I get goosebumps standing on a platform watching my train approach, eyeballing the names of the destinations on the dot matrix display over and over again, straining to hear the tinny departure announcements on the tannoy.  I’m fortunate enough to work on the site of a former railway station that not only houses beautiful old goods sheds, but still has an active railway line running alongside it. You can imagine my colleagues’ elation as I exclaim: “Wow! Look at that one!” for the sixth time that day, as another brilliantly gaudy freight train trundles past.

I am also a woman in my twenties. A few weeks my request to join a railway-related Facebook group was declined because I – and I quote here – “don’t look like a train buff”.

After posting about this exchange on Twitter, my outrage was widely shared. “They should be thrilled to have you!” said one. “What does a train buff look like?!” many others asked.

The answer, of course, is a middle-aged white man with an anorak and notebook. Supposedly, anyway. That’s the ancient stereotype of a “trainspotter”, which sadly shows no sign of waning.

I’m not alone in feeling marginalised in the railway community. Sarah, a railway enthusiast from Bournemouth, says she is used to funny looks when she tells people that she is not only into trains, but an engineer.

She speaks of her annoyance at seeing a poster bearing the phrase: “Beware Rail Enthusiasts Disease: Highly Infectious To Males Of All Ages”. “That did bug me,” she says, “because women can enjoy trains just as much as men.”

Vicki Pipe is best known as being one half of the YouTube sensation All The Stations, which saw her and her partner Geoff Marshall spend 2017 visiting every railway station in Great Britain.

“During our 2017 adventure I was often asked ‘How did your boyfriend persuade you to come along?’” she says. “I think some found it unusual that a woman might be independently interested or excited enough about the railways to spend sixteen weeks travelling to every station on the network.”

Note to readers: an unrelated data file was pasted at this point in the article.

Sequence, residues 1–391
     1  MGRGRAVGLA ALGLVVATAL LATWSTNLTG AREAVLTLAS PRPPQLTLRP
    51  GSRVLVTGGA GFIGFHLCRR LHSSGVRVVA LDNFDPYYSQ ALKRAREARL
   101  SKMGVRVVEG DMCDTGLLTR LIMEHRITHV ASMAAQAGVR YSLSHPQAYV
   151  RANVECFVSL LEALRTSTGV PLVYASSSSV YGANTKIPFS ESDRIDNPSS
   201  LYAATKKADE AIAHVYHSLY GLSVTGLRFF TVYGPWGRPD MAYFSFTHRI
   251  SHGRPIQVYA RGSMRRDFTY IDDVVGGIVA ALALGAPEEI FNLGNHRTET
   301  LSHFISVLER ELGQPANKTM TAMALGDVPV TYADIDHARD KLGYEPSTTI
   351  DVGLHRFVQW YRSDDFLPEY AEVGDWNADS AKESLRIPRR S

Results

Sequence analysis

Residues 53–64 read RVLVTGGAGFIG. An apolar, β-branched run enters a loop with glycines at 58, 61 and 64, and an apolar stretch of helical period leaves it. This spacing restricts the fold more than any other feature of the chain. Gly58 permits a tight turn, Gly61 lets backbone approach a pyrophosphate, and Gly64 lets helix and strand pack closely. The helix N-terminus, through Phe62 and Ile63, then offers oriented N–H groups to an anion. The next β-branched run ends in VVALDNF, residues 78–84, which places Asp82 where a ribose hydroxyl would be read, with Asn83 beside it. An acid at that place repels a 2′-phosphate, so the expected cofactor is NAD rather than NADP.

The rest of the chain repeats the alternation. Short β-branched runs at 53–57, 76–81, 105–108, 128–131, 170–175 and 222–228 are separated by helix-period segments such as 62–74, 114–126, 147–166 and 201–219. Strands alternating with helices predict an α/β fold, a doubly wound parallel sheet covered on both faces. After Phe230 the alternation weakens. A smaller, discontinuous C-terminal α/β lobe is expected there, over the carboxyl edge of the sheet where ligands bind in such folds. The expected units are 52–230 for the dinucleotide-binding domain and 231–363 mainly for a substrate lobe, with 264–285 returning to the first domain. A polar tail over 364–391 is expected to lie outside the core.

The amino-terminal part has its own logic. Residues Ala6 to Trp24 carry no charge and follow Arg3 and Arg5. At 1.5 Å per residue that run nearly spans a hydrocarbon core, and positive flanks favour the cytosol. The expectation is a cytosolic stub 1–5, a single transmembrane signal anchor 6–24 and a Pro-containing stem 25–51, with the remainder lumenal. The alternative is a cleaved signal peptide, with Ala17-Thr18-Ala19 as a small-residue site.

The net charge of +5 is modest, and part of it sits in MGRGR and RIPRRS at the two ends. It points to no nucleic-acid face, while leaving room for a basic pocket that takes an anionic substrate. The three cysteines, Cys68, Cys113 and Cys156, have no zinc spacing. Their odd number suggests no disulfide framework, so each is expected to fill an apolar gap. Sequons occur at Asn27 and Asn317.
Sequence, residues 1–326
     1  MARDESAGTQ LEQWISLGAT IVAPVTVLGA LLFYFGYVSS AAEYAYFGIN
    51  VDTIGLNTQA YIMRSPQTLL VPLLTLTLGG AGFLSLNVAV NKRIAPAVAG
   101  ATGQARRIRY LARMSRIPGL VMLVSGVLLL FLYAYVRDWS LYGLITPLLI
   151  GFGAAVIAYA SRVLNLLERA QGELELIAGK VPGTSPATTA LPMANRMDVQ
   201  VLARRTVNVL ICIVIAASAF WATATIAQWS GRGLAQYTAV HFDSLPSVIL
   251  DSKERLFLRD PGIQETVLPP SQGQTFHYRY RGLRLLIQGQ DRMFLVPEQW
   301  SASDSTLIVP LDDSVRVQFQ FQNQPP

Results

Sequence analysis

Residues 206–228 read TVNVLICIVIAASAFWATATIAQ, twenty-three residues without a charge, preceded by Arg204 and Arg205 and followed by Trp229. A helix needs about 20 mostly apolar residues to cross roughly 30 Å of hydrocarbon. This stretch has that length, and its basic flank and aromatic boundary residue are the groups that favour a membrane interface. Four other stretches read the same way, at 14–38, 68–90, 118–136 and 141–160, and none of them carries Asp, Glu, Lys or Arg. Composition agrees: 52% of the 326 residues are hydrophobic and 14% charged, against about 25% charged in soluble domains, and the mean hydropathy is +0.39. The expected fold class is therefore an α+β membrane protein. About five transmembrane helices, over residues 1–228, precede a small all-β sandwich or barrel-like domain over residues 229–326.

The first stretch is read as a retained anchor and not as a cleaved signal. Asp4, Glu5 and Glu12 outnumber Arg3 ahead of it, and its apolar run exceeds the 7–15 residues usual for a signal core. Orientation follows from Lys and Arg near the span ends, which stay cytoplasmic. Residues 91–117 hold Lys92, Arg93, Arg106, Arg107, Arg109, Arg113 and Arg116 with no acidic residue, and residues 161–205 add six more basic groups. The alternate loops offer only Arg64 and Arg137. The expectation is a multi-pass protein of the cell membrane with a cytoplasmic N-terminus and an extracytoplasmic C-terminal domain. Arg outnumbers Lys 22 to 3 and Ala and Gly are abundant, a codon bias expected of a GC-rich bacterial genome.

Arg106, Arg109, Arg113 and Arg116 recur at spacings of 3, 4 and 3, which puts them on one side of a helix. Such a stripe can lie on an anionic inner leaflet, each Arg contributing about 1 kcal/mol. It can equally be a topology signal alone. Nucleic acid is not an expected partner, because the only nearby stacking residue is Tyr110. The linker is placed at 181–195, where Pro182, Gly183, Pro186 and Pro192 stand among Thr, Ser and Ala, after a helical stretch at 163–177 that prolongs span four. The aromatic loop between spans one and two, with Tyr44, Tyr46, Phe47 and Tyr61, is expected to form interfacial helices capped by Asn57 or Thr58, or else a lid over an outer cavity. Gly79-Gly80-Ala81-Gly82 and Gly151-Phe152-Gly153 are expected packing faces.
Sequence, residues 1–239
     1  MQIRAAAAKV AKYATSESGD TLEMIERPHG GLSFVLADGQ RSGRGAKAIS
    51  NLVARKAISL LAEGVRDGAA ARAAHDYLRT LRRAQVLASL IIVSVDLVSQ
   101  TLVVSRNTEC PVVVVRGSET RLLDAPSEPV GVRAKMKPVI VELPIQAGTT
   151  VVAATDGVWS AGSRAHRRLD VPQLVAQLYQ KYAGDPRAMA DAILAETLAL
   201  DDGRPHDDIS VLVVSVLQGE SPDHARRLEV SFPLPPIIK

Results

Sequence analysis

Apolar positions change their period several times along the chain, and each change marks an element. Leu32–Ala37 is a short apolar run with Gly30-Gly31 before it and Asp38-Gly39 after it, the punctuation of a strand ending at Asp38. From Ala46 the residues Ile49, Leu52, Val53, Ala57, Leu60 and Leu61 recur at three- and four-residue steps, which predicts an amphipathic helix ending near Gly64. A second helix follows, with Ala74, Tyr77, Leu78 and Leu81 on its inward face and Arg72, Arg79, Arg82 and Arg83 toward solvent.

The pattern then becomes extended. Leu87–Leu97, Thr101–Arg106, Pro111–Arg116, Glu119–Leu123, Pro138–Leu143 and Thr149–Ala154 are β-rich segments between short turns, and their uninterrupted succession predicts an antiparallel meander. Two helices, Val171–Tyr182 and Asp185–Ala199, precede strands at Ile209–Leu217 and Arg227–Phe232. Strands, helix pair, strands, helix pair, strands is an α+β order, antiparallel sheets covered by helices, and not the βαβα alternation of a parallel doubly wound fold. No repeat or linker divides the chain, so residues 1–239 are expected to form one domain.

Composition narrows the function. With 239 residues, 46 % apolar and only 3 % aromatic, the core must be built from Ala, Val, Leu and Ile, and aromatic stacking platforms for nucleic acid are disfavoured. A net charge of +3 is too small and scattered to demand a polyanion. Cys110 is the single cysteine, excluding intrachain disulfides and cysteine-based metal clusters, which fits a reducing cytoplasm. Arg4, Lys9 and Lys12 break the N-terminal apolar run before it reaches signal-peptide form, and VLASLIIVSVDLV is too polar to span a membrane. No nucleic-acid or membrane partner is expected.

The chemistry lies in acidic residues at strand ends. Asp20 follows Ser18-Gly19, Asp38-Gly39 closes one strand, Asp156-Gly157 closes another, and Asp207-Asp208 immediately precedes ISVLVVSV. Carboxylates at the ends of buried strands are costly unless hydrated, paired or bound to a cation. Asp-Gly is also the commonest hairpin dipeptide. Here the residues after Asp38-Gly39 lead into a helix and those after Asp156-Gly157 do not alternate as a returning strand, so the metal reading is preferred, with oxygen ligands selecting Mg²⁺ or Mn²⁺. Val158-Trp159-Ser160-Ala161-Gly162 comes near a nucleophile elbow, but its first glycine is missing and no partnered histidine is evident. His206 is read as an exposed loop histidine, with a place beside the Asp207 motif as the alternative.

Pipe, who earlier this year travelled to all the stations in Ireland and Northern Ireland, is passionate about changing the way in which people think of the railways, including the perception of women in the industry.

“For me it’s the people that make the railways such an exciting place to explore – and many of these are women,” she explains. “Women have historically and continue to play an important part in the railway industry – throughout our journey we met female train drivers, conductors, station staff, signallers and engineers. I feel it is important that more female voices are heard so that women of the future recognise the railways as a place they too can be part of.”

Despite the progress being made, it’s clear there is still a long way to go in challenging stereotypes and proving that girls can like trains, too.

I’m appalled that in 2019 our life choices are still subjected to critique. This is why I want to encourage women to embrace their interests and aspirations – however “nerdy”, or unusual, or untraditionally “female” they may be – and to speak up for things that I was worried to speak about for so long.

We might not change the world by doing so but, one by one, we’ll let others know that we’ll do what we want – because we can.